If the program stream is changed to a different encoded program source, then the receiving channel-specific decoder must again lock to the encoder's reference clock. The record/playback drive must then be reloaded with the SCR/PCR value in the encoded video material to reestablish the internal clock reference and reset the time-stamp clock reference. Different encoded MPEG streams will contain different SCR/PCR values. Hence, when a splice point is encountered on the recording medium, there will be an identifiable time discontinuity that can be detected.
FIG. 3 is a block diagram of a recording sequence for a channel specific decoder and a record/playback drive in accordance with the invention. A channel specific decoder 20 (comparable to channel specific system decoder 1 in FIG. 1) having an internal system clock 21 is coupled by a bus or other connection (not shown) to a record/playback drive 22 which has an internal reference clock 23a. A time-stamp clock 23b is derived from the system clock 23a. In the preferred time-stamp embodiment, the system clock 23a generates continuity time-stamps each comprising a 33-bit number that records each tick of a 90-KHz clock.
During recording, a Record command 24 is transmitted from the channel specific decoder 20 to the record/playback drive 22. The Record command 24 is configured to transmit the SCR/PCR for the current decoded program material, which is used to synchronize the internal reference clock 23a. Normally, once set, the internal reference clock 23a stays synchronized with the current program source. In the preferred embodiment, the Record command 24 also contains a pause/resume flag (e.g., a single toggle bit or a command word) that indicates whether the record/playback drive 22 should physically record onto the medium or otherwise continue to track the system clock 21 without recording.
Recording Process--Event-Driven Splice Point Indicator
In an alternative embodiment, if a splice point occurs due to a pause in recording or a channel change, an "event-driven" splice point indicator can be recorded by the record/playback drive 22 onto the recording medium. The triggering event for recording a splice point indicator due to a pause can be receipt of a Record command 24 with the pause flag set. For a channel change event, the trigger for recording a splice point indicator can be any desired signal characteristic.
In this embodiment, the splice point indicator can simply be a flag (e.g., a single toggle bit or a command word) recorded in some or all of the blocks of audiovideo data on the medium.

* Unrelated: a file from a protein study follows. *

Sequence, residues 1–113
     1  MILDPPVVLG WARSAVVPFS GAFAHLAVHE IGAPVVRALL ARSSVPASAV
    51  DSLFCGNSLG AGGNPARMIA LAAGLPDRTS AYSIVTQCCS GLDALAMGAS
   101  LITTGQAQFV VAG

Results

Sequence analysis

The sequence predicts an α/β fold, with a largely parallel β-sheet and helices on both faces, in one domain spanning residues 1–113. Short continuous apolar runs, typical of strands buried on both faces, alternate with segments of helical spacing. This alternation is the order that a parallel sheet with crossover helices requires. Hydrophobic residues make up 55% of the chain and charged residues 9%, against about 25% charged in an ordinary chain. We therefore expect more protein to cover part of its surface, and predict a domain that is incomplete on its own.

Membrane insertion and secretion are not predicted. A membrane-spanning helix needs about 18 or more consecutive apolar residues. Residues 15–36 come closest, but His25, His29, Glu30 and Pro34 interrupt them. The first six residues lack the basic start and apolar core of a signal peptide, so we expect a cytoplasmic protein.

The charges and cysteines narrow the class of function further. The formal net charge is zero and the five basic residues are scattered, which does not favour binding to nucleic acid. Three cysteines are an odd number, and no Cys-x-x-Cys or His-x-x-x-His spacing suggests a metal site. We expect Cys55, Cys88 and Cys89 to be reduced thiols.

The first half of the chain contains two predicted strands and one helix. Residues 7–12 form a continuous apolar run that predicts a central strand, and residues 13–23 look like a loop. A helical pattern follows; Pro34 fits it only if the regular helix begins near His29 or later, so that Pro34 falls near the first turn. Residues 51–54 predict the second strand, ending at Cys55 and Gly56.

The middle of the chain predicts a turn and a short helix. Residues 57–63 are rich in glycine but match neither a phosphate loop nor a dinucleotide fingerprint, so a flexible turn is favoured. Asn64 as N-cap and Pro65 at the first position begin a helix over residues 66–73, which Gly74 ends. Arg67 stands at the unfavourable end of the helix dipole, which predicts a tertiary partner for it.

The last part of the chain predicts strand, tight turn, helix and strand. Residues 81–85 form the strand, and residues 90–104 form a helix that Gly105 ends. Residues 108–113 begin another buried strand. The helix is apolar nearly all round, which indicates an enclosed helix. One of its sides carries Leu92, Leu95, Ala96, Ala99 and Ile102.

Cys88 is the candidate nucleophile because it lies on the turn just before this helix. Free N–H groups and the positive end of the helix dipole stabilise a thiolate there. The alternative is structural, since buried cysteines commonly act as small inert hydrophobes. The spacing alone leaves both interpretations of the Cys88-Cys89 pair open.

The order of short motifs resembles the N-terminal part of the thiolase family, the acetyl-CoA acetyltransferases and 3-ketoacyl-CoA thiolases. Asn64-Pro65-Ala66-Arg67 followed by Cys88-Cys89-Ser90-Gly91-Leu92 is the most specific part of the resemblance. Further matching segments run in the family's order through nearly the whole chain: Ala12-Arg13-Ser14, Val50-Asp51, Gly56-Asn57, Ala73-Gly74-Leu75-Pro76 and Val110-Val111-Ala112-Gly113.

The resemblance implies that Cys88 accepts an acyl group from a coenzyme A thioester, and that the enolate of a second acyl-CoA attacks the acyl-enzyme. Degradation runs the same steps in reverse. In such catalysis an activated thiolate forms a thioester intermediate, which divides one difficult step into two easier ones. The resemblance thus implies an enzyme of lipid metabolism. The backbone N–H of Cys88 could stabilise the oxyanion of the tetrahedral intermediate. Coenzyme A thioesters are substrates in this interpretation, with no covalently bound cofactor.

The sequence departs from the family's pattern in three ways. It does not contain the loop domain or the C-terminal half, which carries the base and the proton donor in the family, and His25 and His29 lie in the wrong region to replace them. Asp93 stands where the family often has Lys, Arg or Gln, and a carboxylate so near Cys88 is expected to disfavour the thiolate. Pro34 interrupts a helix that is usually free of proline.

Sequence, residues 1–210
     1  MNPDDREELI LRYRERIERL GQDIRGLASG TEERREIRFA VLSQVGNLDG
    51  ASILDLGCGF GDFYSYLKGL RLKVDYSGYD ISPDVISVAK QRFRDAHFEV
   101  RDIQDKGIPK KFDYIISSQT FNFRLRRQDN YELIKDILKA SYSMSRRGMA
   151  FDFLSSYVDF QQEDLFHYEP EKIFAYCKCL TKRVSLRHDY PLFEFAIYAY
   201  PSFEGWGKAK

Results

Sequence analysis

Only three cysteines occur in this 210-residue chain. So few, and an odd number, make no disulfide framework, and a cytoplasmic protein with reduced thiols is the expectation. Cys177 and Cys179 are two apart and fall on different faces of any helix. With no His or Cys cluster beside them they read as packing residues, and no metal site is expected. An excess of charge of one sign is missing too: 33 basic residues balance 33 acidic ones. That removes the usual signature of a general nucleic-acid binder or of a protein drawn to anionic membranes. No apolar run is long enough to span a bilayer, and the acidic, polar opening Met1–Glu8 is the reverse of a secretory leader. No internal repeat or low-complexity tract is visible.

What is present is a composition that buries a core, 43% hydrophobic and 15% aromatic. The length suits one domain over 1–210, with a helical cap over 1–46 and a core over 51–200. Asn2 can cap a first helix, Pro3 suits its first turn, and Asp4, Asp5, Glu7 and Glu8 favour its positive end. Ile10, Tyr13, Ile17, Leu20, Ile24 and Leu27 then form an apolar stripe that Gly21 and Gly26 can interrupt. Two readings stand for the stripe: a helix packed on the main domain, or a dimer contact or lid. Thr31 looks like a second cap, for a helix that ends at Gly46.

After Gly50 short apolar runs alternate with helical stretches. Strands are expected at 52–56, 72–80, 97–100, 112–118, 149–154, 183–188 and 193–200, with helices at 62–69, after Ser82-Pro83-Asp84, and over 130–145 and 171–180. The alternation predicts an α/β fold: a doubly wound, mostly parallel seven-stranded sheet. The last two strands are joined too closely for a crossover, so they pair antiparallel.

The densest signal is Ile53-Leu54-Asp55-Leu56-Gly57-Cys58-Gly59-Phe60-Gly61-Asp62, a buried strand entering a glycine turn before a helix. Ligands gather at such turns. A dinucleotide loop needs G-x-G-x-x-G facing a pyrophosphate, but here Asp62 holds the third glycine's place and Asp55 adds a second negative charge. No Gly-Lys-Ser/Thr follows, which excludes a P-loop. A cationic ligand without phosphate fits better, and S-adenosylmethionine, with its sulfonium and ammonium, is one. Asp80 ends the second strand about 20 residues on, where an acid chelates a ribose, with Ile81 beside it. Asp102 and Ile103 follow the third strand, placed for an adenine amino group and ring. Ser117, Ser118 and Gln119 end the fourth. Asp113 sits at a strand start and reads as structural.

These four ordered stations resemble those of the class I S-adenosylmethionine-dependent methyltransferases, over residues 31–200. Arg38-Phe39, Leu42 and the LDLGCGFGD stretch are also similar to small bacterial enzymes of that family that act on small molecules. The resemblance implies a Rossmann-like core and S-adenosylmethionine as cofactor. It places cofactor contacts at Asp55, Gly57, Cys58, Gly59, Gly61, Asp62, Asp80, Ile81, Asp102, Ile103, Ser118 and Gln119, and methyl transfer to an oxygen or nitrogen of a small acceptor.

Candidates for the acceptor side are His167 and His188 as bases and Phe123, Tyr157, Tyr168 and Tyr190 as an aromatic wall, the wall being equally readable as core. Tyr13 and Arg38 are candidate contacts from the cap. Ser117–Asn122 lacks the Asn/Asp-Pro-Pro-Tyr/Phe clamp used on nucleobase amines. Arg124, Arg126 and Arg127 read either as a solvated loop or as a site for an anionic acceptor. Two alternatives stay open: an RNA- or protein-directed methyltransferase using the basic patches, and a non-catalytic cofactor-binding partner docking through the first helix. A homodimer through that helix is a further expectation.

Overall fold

For playback purposes, the output of the record/playback drive 22 would be coupled through the system to the MPEG system decoder 2 shown in FIG. 1. During playback, recorded data tracks are monitored for indications of a splice point. When using an event-driven splice point indicator, simply detecting the indicator is sufficient. When using continuity time-stamp references, non-sequential values in the continuity time-stamp field indicate a splice point. That is, time discontinuities are detected when the continuity time-stamp references are not encountered at the pre-defined output rate of the time-stamp clock 23b, as would occur across a splice point. In the preferred embodiment, since each continuity time-stamp comprises a 33-bit number that records each tick of a 90-KHz clock, simply subtracting each continuity time-stamp from the next occurring time-stamp and comparing the result to an expected pre-defined value (such as the track rate) will indicate whether a splice point has occurred.
Based on detection of a splice point, the record/playback drive 22 notifies the channel specific decoder 1 to re-synchronize the audio and video streams in the decoders. Further, when using continuity time-stamp references, the invention also provides random access playback, since access to recorded data in the "middle" of a sequence is equivalent to encountering a splice point. That is, a user can move the tape to a desired location and start playback; the record/playback drive 22 will detect a difference in the continuity time-stamp reference from a prior saved state. The record/playback drive 22 will treat such a difference as if a splice point indicator had been encountered, and notifies the channel specific decoder 1 to re-synchronize the entire decoding system. Since the continuity time-stamp references occur relatively frequently, this embodiment of the invention provides the desired random access with little time delay before resynchronization.
FIG. 4 is a block diagram of a playback sequence for a channel specific decoder 20 and a record/playback drive 22 in accordance with the invention. When the record/playback drive 22 detects a splice point indicator in the video stream, the record/playback drive 22 outputs a "Check Condition" signal 25 to the channel specific decoder 20. The channel specific decoder 20 then responds with a conventional "Request Sense" command 26 to determine the status of the record/playback drive 22. The record/playback drive 22 returns a "Status" packet 27 to indicate a splice point. The Status packet 27 may simply be a flag indicating that a splice point indicator has been encountered, or may include specific information which may be used to determine if the splice point was caused by either a pause condition or a program channel change. For example, the Status packet 27 may include a time stamp value for the session following the splice point indicator, or a Program Identification ("PID") value. The PID is a standard field in all MPEG audiovideo data transport streams that uniquely identifies each data block as belonging to a particular program.